Promises are worthless, but not in the way that you think.
When intent leaves our mouths, they are the representations
of our credibility.
To say “I Promise” then suggests that an additional declaration is necessary
to trust anything you say,
for without it, your words would be disingenuous and hollow.
“I’ll come over for dinner.”, “Sorry something came up, I promise I’ll make it next time.”
But you didn’t ‘promise’ something wouldn’t come up next time, nor could you. Repeated uses of the saying vs. the promising speak of either a childish mind or are telling of a disinterest in remaining true to what you have said by virtue of speaking it with different intent as opposed to what you said you would do.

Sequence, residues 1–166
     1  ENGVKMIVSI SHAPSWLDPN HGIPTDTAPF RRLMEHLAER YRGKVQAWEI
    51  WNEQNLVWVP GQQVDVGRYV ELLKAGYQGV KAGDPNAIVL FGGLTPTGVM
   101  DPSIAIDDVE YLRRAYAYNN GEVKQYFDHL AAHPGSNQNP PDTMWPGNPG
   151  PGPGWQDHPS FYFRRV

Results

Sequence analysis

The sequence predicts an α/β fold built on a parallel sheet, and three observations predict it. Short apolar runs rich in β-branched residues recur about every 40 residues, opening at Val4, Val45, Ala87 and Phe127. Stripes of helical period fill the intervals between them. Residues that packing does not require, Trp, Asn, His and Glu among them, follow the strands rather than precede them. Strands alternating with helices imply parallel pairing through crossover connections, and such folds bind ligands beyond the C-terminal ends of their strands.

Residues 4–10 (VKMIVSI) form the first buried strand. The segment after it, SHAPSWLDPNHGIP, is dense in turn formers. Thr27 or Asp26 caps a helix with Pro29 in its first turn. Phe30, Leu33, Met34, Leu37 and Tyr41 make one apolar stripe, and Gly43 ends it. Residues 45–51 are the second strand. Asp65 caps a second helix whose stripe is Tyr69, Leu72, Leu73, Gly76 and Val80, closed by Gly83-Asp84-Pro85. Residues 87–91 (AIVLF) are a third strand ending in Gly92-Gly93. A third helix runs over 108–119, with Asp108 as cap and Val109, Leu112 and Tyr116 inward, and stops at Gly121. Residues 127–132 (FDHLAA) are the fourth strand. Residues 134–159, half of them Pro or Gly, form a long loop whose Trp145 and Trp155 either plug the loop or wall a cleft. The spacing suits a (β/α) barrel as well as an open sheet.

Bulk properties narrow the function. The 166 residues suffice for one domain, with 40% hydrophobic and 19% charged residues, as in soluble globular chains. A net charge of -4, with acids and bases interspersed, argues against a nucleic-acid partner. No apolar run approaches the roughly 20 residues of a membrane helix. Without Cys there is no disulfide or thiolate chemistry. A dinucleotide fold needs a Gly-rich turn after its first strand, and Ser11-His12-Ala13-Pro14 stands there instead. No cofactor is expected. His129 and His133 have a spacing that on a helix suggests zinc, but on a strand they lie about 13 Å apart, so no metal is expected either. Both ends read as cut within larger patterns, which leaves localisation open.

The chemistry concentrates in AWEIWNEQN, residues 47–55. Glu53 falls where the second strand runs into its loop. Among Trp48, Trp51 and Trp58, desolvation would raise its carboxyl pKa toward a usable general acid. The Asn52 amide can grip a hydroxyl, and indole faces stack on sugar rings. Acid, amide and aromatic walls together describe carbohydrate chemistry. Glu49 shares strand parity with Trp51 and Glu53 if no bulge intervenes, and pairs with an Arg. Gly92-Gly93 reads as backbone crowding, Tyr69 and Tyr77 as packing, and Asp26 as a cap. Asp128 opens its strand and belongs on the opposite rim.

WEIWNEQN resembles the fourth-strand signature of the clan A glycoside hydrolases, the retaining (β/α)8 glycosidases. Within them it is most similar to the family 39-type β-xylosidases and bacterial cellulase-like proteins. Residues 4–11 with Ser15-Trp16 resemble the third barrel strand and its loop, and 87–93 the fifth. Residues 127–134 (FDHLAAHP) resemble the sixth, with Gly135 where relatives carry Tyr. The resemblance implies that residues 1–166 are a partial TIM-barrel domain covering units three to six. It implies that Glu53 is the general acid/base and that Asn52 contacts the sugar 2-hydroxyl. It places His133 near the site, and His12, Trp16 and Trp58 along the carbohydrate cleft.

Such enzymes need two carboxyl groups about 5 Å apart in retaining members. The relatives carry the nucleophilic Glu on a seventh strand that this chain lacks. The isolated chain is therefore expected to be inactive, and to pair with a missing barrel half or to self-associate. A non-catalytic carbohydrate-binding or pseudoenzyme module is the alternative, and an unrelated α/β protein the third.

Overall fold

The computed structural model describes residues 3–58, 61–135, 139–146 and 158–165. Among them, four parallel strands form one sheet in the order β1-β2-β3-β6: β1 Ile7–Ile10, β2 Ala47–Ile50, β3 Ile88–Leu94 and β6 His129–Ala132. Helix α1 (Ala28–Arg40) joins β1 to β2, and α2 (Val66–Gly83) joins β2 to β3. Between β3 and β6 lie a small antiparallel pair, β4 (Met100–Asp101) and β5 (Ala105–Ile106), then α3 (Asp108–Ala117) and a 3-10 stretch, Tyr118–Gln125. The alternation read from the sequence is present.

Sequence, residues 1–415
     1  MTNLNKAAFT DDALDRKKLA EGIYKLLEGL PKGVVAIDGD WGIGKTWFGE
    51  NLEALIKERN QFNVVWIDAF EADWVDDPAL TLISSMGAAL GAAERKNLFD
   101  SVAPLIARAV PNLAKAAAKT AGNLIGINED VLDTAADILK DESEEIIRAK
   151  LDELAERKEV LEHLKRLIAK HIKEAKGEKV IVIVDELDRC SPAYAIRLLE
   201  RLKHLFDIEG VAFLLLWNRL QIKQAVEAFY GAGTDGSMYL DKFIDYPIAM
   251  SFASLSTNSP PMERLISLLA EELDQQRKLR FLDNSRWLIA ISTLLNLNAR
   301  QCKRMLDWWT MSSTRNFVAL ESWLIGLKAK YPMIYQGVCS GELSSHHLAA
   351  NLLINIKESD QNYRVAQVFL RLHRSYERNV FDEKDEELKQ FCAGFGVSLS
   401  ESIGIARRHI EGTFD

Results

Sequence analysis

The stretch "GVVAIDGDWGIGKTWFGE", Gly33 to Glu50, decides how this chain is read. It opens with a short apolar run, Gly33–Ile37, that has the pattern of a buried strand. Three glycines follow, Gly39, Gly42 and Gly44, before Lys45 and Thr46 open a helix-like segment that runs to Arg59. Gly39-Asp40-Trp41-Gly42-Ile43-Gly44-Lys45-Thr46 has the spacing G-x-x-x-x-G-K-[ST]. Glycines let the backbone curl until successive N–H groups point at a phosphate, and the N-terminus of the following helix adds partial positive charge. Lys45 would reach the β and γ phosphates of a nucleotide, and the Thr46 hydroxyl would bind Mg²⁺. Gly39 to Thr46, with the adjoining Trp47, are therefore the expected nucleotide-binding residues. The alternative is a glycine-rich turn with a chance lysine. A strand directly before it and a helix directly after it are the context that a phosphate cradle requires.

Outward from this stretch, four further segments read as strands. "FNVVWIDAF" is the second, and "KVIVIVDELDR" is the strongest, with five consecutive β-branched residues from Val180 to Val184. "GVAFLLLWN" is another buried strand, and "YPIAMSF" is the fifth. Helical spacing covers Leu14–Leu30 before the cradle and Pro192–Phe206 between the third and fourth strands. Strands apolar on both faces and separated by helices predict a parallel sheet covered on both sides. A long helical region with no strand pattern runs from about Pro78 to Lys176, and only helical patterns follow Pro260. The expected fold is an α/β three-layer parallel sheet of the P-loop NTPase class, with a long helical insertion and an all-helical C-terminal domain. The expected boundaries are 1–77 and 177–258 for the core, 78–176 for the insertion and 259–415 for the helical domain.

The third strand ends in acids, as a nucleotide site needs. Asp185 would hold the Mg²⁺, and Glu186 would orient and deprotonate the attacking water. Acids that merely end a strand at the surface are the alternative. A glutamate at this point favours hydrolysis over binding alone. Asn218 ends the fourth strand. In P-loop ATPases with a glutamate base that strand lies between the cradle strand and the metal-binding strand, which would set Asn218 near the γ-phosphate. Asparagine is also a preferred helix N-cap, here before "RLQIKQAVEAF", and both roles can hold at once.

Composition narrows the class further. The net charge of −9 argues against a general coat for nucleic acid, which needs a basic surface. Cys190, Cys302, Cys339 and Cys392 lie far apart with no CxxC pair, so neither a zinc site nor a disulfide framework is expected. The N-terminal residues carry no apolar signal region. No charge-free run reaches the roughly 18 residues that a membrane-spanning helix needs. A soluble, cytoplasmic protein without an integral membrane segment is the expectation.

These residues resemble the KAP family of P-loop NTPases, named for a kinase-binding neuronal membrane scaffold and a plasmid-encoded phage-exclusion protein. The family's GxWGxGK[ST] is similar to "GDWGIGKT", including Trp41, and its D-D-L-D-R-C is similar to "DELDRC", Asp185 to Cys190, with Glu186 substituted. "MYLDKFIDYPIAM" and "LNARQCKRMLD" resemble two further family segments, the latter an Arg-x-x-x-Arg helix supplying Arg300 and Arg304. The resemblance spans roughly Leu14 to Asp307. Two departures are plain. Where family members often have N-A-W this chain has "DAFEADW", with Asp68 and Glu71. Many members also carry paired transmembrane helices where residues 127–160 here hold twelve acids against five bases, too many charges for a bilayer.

I will be with you in a normal relationship, I love you.
I never thought I’d need to hear ‘I promise’. But at that point, it didn’t matter.
The spoken assent of love and endearment should not require an additional and increasingly superfluous addition of sounds to qualify them as true.
Why don’t we do away with promises and treat our words, each one that leaves our soul as an honorable intent to follow through; to teach others to trust us without qualifiers.